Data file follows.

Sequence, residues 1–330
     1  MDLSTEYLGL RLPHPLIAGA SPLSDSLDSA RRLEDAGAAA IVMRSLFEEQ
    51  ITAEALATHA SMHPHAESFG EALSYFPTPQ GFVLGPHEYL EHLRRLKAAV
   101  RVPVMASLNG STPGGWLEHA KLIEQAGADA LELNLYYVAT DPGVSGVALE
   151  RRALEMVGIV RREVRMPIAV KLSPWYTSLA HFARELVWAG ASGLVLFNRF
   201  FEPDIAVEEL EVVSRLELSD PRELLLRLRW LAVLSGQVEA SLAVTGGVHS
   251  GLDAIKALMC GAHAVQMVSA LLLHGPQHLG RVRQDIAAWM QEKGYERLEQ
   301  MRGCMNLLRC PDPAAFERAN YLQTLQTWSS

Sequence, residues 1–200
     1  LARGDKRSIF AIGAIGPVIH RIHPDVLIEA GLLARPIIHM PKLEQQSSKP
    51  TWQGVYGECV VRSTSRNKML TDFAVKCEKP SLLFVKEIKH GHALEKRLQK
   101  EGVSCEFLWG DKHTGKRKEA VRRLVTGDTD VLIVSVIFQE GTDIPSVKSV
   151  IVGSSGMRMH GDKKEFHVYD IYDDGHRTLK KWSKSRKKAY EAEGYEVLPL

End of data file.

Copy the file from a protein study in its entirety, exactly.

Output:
Sequence, residues 1–330
     1  MDLSTEYLGL RLPHPLIAGA SPLSDSLDSA RRLEDAGAAA IVMRSLFEEQ
    51  ITAEALATHA SMHPHAESFG EALSYFPTPQ GFVLGPHEYL EHLRRLKAAV
   101  RVPVMASLNG STPGGWLEHA KLIEQAGADA LELNLYYVAT DPGVSGVALE
   151  RRALEMVGIV RREVRMPIAV KLSPWYTSLA HFARELVWAG ASGLVLFNRF
   201  FEPDIAVEEL EVVSRLELSD PRELLLRLRW LAVLSGQVEA SLAVTGGVHS
   251  GLDAIKALMC GAHAVQMVSA LLLHGPQHLG RVRQDIAAWM QEKGYERLEQ
   301  MRGCMNLLRC PDPAAFERAN YLQTLQTWSS

Sequence, residues 1–200
     1  LARGDKRSIF AIGAIGPVIH RIHPDVLIEA GLLARPIIHM PKLEQQSSKP
    51  TWQGVYGECV VRSTSRNKML TDFAVKCEKP SLLFVKEIKH GHALEKRLQK
   101  EGVSCEFLWG DKHTGKRKEA VRRLVTGDTD VLIVSVIFQE GTDIPSVKSV
   151  IVGSSGMRMH GDKKEFHVYD IYDDGHRTLK KWSKSRKKAY EAEGYEVLPL